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Adderbury, Oxfordshire Corbel frieze, north side, mid C14 - mermaid

Adderbury, Oxfordshire Corbel frieze, north side, mid C14 - mermaid

Melusine (Alchemical Siren, Twin-tailed Mermaid)

Melusine (Alchemical Siren, Twin-tailed Mermaid)

ORIGINS- "What Does History Say?": Who was Melusine? Water Fairy, Mermaid or Serpent?

ORIGINS- "What Does History Say?": Who was Melusine? Water Fairy, Mermaid or Serpent?

The siren in the Hortus sanitatis, “De piscibus,” chapter 83, published in 1491. (British Library, IB.344). Sea Monsters on Medieval and Renaissance Maps.

The siren in the Hortus sanitatis, “De piscibus,” chapter 83, published in 1491. (British Library, IB.344). Sea Monsters on Medieval and Renaissance Maps.

Market well in Trier, Germany. Two-tailed Triton on each of four corners

Market well in Trier, Germany. Two-tailed Triton on each of four corners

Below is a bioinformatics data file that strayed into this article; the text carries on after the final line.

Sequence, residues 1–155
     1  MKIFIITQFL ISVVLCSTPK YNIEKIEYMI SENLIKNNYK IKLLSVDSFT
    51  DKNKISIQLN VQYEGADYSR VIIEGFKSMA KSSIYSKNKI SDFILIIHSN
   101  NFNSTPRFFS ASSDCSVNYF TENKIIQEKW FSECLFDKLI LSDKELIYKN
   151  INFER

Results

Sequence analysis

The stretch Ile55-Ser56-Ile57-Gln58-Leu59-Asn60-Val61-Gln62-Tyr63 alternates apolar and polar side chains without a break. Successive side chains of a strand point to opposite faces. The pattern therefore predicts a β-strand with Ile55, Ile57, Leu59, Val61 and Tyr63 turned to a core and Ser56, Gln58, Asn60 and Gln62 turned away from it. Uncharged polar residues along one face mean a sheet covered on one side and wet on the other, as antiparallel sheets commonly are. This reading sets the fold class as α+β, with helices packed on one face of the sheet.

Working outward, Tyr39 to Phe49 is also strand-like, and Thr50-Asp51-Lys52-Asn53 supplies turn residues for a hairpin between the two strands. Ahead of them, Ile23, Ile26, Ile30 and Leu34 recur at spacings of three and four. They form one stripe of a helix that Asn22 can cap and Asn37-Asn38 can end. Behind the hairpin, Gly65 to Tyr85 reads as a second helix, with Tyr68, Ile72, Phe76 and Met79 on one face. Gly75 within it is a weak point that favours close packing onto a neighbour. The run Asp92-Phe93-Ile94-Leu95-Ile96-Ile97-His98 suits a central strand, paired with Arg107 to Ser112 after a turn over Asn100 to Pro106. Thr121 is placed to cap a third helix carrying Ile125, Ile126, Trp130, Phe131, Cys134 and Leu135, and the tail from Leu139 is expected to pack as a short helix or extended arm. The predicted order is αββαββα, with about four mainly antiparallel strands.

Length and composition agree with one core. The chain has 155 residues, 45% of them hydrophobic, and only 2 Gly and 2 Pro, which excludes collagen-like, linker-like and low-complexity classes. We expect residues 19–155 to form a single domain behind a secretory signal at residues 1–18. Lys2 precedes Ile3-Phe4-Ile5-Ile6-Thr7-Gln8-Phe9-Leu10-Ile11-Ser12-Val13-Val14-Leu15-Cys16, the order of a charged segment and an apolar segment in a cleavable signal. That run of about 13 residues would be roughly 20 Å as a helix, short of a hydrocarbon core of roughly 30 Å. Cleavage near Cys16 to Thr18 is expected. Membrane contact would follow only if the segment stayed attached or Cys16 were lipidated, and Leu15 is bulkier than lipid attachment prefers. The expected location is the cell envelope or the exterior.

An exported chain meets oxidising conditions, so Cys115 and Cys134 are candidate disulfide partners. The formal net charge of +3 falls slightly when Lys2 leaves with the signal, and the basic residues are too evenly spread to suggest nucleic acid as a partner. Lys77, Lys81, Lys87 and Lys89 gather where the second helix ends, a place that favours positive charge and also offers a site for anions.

Starbucks Coffee Mug Green Twin Tailed Mermaid 2006 12 Ounce Cup | eBay

Starbucks Coffee Mug Green Twin Tailed Mermaid 2006 12 Ounce Cup

Starbucks Coffee Mug Green Twin Tailed Mermaid 2006 12 Ounce Cup | eBay

Two-Tailed Mermaid Giclee Print at AllPosters.com

Two-Tailed Mermaid

Two-Tailed Mermaid Giclee Print at AllPosters.com

Evolution of the Starbucks logo

Evolution of the Starbucks logo

melusine - Google zoeken

melusine - Google zoeken

A twin-tailed mermaid, sometimes called a Melusine or a siren, and is commonly portrayed as being half-serpent/fish and half-human. They are a symbol of transformation (specifically relating to alchemy) and also symbols of unity that link earth and water, and body and soul. They could be evil, like the sirens of Greek mythology who lured sailors to their deaths, or simply a feminine spirit of fresh or ocean waters that bestow love on humans.

A twin-tailed mermaid, sometimes called a Melusine or a siren, and is commonly portrayed as being half-serpent/fish and half-human. They are a symbol of transformation (specifically relating to alchemy) and also symbols of unity that link earth and water, and body and soul. They could be evil, like the sirens of Greek mythology who lured sailors to their deaths, or simply a feminine spirit of fresh or ocean waters that bestow love on humans.

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